JAKARTA -- The Indonesian government is challenging a court ruling that has freed a plantation company from a 7.9 trillion rupiah ($568 million) lawsuit, despite "strong indications" that it is partly responsible for Indonesia's annual fire and haze crisis -- which reached their worst on record last year.
The company, Bumi Mekar Hijau, is a supplier of Asia Pulp & Paper, one of the world's largest pulp and paper producers and a core subsidiary of Indonesian conglomerate Sinar Mas Group.
On Dec. 30, the district court in Palembang, South Sumatra, where BMH operates, rejected the government's lawsuit on the grounds that it had failed to provide evidence that BMH had been responsible for fires that engulfed 26,000 hectares of land within its acacia plantation concession in 2014.The Indonesian government, through the Ministry of Environment and Forestry, filed the civil lawsuit to the district court after the fire and haze crisis in 2014, demanding that BMH pay a total of 7.9 trillion rupiah to compensate for the government's fire emergency expenses and to rehabilitate forests destroyed by the fires.
Eka Widodo Sugiri, spokesman of the ministry, said it lodged the appeal to South Sumatra's provincial court on Wednesday, while engaging in talks with the Supreme Court in an attempt to ensure better legal outcomes in the future.
"We hope only judges with good environmental awareness are appointed to handle environment-related cases," Sugiri told the Nikkei Asian Review on Wednesday.
He added the ministry decided to appeal the Palembang court's verdict because it had found "strong indications" that BMH was guilty of setting fires in its concession in South Sumatra in 2014 and 2015.
In August and September last year, for example, satellites images showed 1,173 fire hotspots in South Sumatra. Most of them, Sugiri said, were located inside BMH's concession.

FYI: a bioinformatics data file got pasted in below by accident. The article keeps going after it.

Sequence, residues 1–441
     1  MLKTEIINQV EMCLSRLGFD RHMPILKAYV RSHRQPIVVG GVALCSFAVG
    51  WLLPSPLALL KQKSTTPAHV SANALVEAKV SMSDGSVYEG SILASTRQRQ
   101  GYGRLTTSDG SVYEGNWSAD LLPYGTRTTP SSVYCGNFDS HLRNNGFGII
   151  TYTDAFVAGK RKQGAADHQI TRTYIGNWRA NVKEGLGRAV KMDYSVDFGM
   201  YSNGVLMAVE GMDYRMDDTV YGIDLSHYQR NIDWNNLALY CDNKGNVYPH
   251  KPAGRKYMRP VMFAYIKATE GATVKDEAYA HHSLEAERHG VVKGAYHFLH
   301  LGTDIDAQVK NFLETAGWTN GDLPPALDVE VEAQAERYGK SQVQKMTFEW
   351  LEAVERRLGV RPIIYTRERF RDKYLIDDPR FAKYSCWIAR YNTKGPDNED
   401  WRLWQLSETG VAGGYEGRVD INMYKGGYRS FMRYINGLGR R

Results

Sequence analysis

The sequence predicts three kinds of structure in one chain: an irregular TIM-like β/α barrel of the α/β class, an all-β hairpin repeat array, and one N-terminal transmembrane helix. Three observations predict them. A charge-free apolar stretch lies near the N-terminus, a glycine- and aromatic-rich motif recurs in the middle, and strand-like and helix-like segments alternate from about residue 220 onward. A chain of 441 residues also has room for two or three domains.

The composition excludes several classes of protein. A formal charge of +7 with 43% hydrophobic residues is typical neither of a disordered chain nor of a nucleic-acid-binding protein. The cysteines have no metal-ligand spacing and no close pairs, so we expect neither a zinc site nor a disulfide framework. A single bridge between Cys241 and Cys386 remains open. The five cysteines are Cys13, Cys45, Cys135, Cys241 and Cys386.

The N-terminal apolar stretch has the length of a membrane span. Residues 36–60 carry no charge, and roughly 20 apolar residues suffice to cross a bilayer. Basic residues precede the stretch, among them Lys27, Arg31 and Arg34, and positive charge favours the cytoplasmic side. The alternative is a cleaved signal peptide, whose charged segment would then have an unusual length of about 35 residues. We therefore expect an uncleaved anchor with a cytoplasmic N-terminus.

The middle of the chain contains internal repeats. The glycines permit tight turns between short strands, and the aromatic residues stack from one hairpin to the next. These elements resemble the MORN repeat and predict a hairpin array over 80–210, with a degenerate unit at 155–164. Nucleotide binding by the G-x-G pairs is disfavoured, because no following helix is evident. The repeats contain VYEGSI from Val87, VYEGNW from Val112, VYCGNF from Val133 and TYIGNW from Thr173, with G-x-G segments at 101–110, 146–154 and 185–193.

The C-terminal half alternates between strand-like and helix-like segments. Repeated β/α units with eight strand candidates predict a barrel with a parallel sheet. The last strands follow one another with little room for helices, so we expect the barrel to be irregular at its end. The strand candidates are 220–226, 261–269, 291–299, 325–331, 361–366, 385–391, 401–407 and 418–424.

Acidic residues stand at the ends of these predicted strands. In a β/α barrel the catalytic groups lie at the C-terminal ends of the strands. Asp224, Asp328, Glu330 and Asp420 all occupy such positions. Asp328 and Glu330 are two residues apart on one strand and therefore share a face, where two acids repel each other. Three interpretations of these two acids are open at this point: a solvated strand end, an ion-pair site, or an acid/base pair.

Whether or not BMH was guilty of igniting the fires, they happened inside the company's concession and therefore should be under its responsibility, he said.
"Appealing this verdict is part of the government's responsibility to protect the people and the environment," said Sugiri.
"And this is also about upholding our dignity before the international public, because impacts of the fire and haze crisis were not only felt in Indonesia, but in neighboring countries as well."
The Dec. 30 verdict came following the government's announcement that it was slapping sanctions on 23 local companies it deemed guilty of involvement in igniting fires on Sumatra and Kalimantan, and in creating a smog that covered large swathes of Southeast Asia between August and November 2015.
The World Bank estimated in November that the economic cost of the fire and haze crisis to Indonesia alone this year will exceed $16 billion, or about 1.8% of the country's gross domestic product.
Ignoring critics, however, the government only released initials of the sanctioned companies, some of which -- including BMH, which only became known due to the government's ongoing legal action against it -- are believed to be affiliated to large corporations.
BMH is among 16 companies whose licenses are frozen. Three companies have had their licenses revoked, while four have been ordered to clean up their operations in the Indonesian government's largest crackdown so far on companies responsible for the annual fires and haze.
Sugiri said that the government is also in the process of gathering documents to bring several other companies to court under separate civil lawsuits. Activists, though, remain skeptical that there will be major changes in law enforcement, citing the Palembang court's verdict on BMH as a "bad precedence" for the government's legal moves against other companies.
"The recent verdict should serve as a lesson to the government, that we cannot rely on law enforcement institutions to uphold the law. They have instead become a safe haven for forestry criminals in Indonesia," said Zenzi Suhadi of the Indonesian Forum for the Environment (Walhi), citing corrupt police officers, prosecutors and judges.
He suggested that the government be firmer in enforcing its punishments for companies. "The government shouldn't just freeze, but revoke licenses of those [responsible for fires and haze]."
Asia Pulp & Paper, in response to the government's lawsuit, said it "fully respects" Indonesian law and the ongoing legal process.
The company stressed that although it sources pulpwood from BMH, the supplier is "independently owned and operated." APP added that it will drop any supplier found to have breached its "zero burning" supply chain policy.
"APP takes the issue of forest fires seriously," a company representative told the Nikkei Asian Review. "We are committed to working closely with suppliers to build firefighting and fire prevention capacity and support practices that promote fire-free concessions."